Recently I visited with a provider and a patient on the front line in the fight against HF. Barbara Davis, BSN, RN, is the lead nurse of the KDMC HF Clinic and she is responsible for managing our CardioMEMS patients. Janet Bliss Buck recently celebrated her 85th birthday and spoke with us by phone from her home in rural Kentucky. We talked about living with and treating HF and their experiences with the CardioMEMS device.
Krishnan: What are some of the challenges our patients face living in a rural area compared to an urban area?
Davis: Although I grew up in Appalachia, because I lived in Houston, TX, for several years I have an understanding of both lifestyles. One of the most unique aspects of living in Appalachia is the large extended family units that are tight knit and able to provide support to most patients. However, living in a remote area means our patients often live more than an hour away from the closest health center. There's also a significant socioeconomic bridge to get the things they need. This area has had a real downturn in the economy, which started well before the pandemic. Many of our younger patients have lost their jobs in the steel mills and railroad yards and the shift to cleaner fuel has led to a decline in Ashland Oil. Then we also lost the only other hospital system in the neighboring county which has also put our resources under more strain. The lack of medical literacy and the lack of phone/internet access compounds these challenges.
We have a tremendous number of patients with whom we'd like to have telehealth visits, but they do not own a cell phone and they do not have cellular or internet service that is sufficient for a video visit. We also have some patients who have difficulty transmitting CardioMEMS readings to our clinic through landlines.
Krishnan: From a provider's perspective, how does living in a rural area compare to an urban area?
Davis: If the patient does not have financial means or transportation, the patient is unable to do the necessary follow-up which then makes the visit less useful. We do everything in our power to help patients get remote assistance. One of our clinic nurses, just last week, drove to a gas station near a patient's home to obtain the patent's signature on the paperwork for the patient assistance program. Even if we're able to obtain a reduction in the patient's co-pay, say from $500/month to $40/month, this still may not be affordable and may mean the patient is not able to afford their other medications because many are on fixed incomes.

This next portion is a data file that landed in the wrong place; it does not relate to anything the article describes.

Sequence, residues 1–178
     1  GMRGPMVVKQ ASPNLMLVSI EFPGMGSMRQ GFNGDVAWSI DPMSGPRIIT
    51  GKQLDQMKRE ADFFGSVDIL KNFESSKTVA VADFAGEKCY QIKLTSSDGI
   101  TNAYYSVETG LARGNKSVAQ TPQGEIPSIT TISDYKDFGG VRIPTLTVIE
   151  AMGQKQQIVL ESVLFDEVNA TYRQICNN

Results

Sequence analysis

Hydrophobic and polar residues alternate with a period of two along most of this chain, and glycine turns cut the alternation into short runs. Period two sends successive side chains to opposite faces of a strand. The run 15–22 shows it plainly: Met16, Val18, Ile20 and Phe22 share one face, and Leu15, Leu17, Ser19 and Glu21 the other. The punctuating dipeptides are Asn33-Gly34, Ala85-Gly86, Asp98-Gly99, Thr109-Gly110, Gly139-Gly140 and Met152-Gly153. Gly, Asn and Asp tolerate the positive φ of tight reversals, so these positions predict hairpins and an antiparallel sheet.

Krishnan: How has your approach to remote monitoring changed during your career?
Davis: When I first started my nursing career in 2005 remote monitoring and telehealth were not part of the vernacular.
However, within a few years we started using a program called TeleHealth Monitoring System that was placed in the home and consisted of a weight scale, blood pressure monitor and a pulse oximetry machine. This was hooked up to a landline and the information came into a secure website. I would even check this on weekends. If patients had a gain in weight >3 lbs, I'd call them to assess symptoms. This was our approach to keep patients out of the hospital. We used this system for two to three years and it worked perfectly for patients who were adherent in sending information to the clinic, but it was worthless for patients who did not engage with the system.
We paid dearly for installing each system and when there was a downturn in our local economy resulting in widespread layoffs, the TeleHealth system was one of the first casualties as it was deemed to be cost prohibitive. After this, we kept a list of patients who we touched base with frequently and did 1:1 phone visits with patients who did not have much family support. And we did the same for patients who were frequent visitors to the emergency department. We also started HF support groups which were well attended by patients and families.
Now we are monitoring patients using the CardioMEMS device and the program continues to grow.
Krishnan: Have you seen success with the CardioMEMS program?
Davis: Yes. We have patients who had multiple admissions pre-implant who have since been able to stay out of the hospital. When we call patients with concerns about increased pressure based on the remote monitoring, they are totally amazed because then they recognize they had some increase in weight. Overall, we have seen a reduction in readmission in patients who have been implanted with the device.
Krishnan: Ms. Buck, please tell me a little bit about your HF journey. When and how were you diagnosed?